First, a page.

Public Relations Blog

Social Media 101: What to do if you are concerned about privacy

facebook privacy

facebook privacy

Social media can be a useful tool for authors and personal brands. It can help with exposure, lead to new fans of your book(s), and is an easy platform to publicly engage with your audience or other book lovers like bloggers and reviewers.

The other side of that coin, however, is murky. The last week has been a storm of revelations over Facebook and how it uses information from its users by selling it to advertisers—and, once that information has been sold, your data belongs to them forever!  You can only tighten your personal Facebook privacy and security settings so that future information cannot be sold (read this New York Times article for more information on the updated privacy security settings Facebook released this week).

Worse, Facebook has allegedly been logging data from calls and texts from Google Androids—even though Facebook says they do not sell that logged data. (This article from Wall Street Journal explains.)

Now, companies and people are taking a stand against Facebook with the #DeleteFacebook movement. Mozilla is “taking a break,” and Elon Musk has removed Tesla and SpaceX pages, among others.

So what can individuals and their brands do if they’re concerned about privacy and are considering deleting social media?

If you use Facebook and other social media, and are now unsure of whether or not you want to continue, you must consider how you are going to get your brand out there.  Here are a few ideas:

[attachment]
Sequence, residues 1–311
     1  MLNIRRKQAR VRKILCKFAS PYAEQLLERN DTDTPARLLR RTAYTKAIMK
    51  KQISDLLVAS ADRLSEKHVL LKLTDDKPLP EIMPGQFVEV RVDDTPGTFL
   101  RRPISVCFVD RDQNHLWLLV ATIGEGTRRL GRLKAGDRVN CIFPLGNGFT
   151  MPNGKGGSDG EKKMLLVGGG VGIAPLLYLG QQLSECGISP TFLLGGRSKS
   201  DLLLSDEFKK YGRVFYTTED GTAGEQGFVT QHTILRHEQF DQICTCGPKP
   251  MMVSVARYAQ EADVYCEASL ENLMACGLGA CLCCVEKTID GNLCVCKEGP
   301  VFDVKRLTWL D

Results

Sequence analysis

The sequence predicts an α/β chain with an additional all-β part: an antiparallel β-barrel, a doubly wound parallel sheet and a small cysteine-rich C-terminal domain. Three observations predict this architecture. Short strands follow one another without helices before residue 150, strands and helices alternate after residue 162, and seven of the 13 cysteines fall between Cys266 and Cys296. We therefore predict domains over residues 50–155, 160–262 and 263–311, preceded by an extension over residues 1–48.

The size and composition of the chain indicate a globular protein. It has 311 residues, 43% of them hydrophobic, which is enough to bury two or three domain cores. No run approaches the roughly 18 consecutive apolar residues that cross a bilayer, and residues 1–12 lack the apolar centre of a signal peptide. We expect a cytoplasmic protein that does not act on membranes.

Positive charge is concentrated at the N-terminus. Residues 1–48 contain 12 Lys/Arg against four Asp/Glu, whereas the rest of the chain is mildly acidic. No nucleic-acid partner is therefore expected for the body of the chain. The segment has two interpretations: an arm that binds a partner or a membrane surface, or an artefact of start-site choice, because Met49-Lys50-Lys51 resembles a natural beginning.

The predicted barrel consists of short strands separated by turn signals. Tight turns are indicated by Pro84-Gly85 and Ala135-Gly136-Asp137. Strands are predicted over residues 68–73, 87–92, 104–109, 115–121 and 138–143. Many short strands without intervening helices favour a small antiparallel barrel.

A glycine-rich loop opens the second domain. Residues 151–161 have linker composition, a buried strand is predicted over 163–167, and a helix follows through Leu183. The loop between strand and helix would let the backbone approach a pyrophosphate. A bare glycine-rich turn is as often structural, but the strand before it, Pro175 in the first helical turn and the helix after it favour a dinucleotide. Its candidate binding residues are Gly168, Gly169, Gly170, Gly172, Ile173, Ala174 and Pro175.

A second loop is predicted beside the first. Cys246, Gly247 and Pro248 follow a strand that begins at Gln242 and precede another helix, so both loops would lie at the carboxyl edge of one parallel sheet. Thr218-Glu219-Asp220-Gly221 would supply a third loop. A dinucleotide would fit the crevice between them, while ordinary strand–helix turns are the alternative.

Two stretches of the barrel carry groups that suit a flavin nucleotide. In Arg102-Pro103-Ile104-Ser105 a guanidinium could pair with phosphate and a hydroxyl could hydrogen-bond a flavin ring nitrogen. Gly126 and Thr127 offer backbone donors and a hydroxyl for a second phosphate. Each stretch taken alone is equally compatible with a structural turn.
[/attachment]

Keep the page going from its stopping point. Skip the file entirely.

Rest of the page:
1. Create a public author or brand page, but keep your personal Facebook settings private. Author and brand pages are public, so if anyone were to search you, those would come up. But what if your private Facebook account also shows up and strangers try to add you? By going into the Facebook security settings, make sure that only “Friends” or “Friends of Friends” can see your profile information, or even set it so that only you can see certain things like your current hometown or who you’re in a relationship with. In your privacy settings you can also make sure that your personal profile does not come up in web searches.
  1. If you plan on deleting Facebook, then you have to put yourself out there. If you’ve gotten rid of your social media presence, then you need to make up for it by putting yourself out there in person. Attend festivals, visit your local bookstore and library, go to conferences, meet with other authors or book lovers, and create postcards/bookmarks to drop off at local coffee shops or stores you inhabit. Read more in our blog post on how you can create visibility.
  1. Focus on a blog and newsletter. If you are concerned about your privacy, but want to have an online existence, then creating or focusing more on your website/blog and sending out an email newsletter to friends, family, and those who signed up is a good way to keep your audience updated on what’s going on with your writing endeavors.

This is all “new news” that exposes just how much Facebook was really using our data beyond their own advertising platform. The least we can all do right now is tighten our private security settings across social media platforms so that our personal data can’t be used in the way it has in the past.